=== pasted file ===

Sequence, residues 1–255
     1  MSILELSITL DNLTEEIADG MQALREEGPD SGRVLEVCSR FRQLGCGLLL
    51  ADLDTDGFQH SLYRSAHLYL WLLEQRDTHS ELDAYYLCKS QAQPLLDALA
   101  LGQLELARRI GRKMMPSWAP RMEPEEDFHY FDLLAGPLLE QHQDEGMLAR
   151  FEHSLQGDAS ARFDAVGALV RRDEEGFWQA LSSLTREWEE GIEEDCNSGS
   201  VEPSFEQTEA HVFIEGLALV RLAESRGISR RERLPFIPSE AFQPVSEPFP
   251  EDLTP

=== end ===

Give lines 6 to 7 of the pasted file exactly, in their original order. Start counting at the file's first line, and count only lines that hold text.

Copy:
   201  VEPSFEQTEA HVFIEGLALV RLAESRGISR RERLPFIPSE AFQPVSEPFP
   251  EDLTP